Mathematics
Grade 3: Number Sense and Numeration 
Planning: Term # Tracking: Ach. Level 

Overall Expectations 
1 
2 
3 
4 
•
read, represent, compare, and order whole numbers to 1000, and use concrete
materials to represent fractions and money amounts to $10; 




•
demonstrate an understanding of magnitude by counting forward and backwards
by various numbers and from various starting points; 




•
solve problems involving the addition and subtraction of single and
multidigit whole numbers, using a variety of strategies, and demonstrate an
understanding of multiplication and division. 




Specific Expectations 




Quantity Relationships 




–
represent, compare, and order whole numbers to 1000, using a variety of tools
(e.g., base ten materials or drawings of them, number lines with increments
of 100 or other appropriate amounts); 




–
read and print in words whole numbers to one hundred, using meaningful
contexts (e.g., books, speed limit signs); 




–
identify and represent the value of a digit in a number according to its
position in the number (e.g., use base ten materials to show that the 3 in
324 represents 3 hundreds); 




–
compose and decompose threedigit numbers into hundreds, tens, and ones in a
variety of ways, using concrete materials (e.g., use base ten materials to
decompose 327 into 3 hundreds, 2 tens, and 7 ones, or into 2 hundreds, 12
tens, and 7 ones); 




–
round twodigit numbers to the nearest ten, in problems arising from
reallife situations; 




–
represent and explain, using concrete materials, the relationship among the
numbers 1, 10, 100, and 1000, (e.g., use base ten materials to represent the
relationship between a decade and a century, or a century and a millennium); 




–
divide whole objects and sets of objects into equal parts, and identify the
parts using fractional names (e.g., one half; three thirds; two fourths or
two quarters), without using numbers in standard fractional notation; 




–
represent and describe the relationships between coins and bills up to $10
(e.g., “There are eight quarters in a toonie and ten dimes in a loonie.”); 




–
estimate, count, and represent (using the $ symbol) the value of a collection
of coins and bills with a maximum value of $10; 




–
solve problems that arise from reallife situations and that relate to the
magnitude of whole numbers up to 1000 (Sample problem: Do you know anyone who
has lived for close to 1000 days? Explain your reasoning.) 




Counting 




–
count forward by 1’s, 2’s, 5’s, 10’s, and 100’s to 1000 from various starting
points, and by 25’s to 1000 starting from multiples of 25, using a variety of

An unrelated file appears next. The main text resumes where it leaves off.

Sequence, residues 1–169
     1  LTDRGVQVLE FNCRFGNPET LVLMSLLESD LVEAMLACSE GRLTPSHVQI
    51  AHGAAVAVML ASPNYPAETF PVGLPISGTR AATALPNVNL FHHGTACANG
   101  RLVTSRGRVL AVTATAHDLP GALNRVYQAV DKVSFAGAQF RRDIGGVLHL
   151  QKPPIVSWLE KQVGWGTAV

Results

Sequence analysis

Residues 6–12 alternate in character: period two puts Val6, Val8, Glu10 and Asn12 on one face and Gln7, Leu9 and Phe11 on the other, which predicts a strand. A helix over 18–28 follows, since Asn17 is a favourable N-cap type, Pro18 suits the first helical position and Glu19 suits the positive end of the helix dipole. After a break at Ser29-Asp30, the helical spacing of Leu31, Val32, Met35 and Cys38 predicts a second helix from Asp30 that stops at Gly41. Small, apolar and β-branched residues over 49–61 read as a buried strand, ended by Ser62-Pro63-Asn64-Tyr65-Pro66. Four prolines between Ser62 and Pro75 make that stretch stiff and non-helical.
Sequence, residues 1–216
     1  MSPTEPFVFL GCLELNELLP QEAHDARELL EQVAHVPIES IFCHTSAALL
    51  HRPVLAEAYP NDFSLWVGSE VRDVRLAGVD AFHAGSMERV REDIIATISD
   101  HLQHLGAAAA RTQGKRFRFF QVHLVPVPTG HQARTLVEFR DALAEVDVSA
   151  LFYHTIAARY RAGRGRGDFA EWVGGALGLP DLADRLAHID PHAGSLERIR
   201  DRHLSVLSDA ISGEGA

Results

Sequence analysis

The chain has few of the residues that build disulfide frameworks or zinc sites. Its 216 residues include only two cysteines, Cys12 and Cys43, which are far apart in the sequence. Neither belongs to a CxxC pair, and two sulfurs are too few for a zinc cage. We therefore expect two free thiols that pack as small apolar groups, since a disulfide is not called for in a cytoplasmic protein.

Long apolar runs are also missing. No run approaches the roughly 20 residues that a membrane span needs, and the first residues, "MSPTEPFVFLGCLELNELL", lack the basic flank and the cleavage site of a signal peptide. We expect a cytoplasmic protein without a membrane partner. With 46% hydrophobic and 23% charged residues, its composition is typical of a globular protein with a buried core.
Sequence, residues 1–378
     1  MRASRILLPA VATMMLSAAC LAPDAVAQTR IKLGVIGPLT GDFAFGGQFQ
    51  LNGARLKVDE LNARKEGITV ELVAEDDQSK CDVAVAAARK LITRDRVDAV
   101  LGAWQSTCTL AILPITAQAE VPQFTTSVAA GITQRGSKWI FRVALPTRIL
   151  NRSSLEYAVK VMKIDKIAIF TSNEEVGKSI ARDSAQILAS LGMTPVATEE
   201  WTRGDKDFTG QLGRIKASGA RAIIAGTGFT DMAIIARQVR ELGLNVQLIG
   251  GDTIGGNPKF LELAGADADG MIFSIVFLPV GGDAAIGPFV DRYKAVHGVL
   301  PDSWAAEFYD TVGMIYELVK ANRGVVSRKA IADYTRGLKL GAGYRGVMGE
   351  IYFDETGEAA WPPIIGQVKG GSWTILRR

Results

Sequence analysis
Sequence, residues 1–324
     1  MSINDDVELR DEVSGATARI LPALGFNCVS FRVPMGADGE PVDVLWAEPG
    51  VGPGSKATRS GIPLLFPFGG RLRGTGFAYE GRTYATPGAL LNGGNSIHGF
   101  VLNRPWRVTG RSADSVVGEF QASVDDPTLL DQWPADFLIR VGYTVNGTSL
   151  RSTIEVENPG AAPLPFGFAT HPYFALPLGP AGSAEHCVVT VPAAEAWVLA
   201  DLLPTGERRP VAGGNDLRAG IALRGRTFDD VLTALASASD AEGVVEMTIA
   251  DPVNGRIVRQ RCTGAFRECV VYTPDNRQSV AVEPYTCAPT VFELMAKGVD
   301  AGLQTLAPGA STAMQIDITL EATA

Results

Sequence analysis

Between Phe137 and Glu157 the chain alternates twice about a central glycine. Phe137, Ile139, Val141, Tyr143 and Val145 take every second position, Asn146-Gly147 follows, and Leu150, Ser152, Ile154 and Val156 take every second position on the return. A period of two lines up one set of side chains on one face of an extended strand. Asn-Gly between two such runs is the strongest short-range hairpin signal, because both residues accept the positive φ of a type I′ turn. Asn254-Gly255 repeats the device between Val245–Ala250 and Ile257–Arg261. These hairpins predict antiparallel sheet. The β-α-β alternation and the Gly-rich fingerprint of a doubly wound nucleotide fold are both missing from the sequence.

tools and strategies (e.g., skip count with and without the aid of a
calculator; skip count by 10’s using dimes); 




–
count backwards by 2’s, 5’s, and 10’s from 100 using multiples of 2, 5, and
10 as starting points, and count backwards by 100’s from 1000 and any number
less than 1000, using a variety of tools (e.g., number lines, calculators,
coins) and strategies. 




Operational Sense 




–
solve problems involving the addition and subtraction of twodigit numbers,
using a variety of mental strategies (e.g., to add 37 + 26, add the tens, add
the ones, then combine the tens and ones, like this: 30 + 20 = 50, 7 + 6 =
13, 50 + 13 = 63); 




–
add and subtract threedigit numbers, using concrete materials, student generated
algorithms, and standard algorithms; 




–
use estimation when solving problems involving addition and subtraction, to
help judge the reasonableness of a solution; 




–
add and subtract money amounts, using a variety of tools (e.g., currency
manipulatives, drawings), to make simulated purchases and change for amounts
up to $10 (Sample problem: You spent 5 dollars and 75 cents on one item and
10 cents on another item. How much did you spend in total?); 




–
relate multiplication of onedigit numbers and division by onedigit divisors
to real life situations, using a variety of tools and strategies (e.g., place
objects in equal groups, use arrays, write repeated addition or subtraction
sentences) (Sample problem: Give a reallife example of when you might need
to know that 3 groups of 2 is 3 x 2.); 




–
multiply to 7 x 7 and divide to 49 ÷ 7, using a variety of mental strategies
(e.g., doubles, doubles plus another set, skip counting). 




Student Name: 




Expectations: Copyright The Queen's Printer for Ontario, 2005. Format: Copyright B.Phillips, 1998.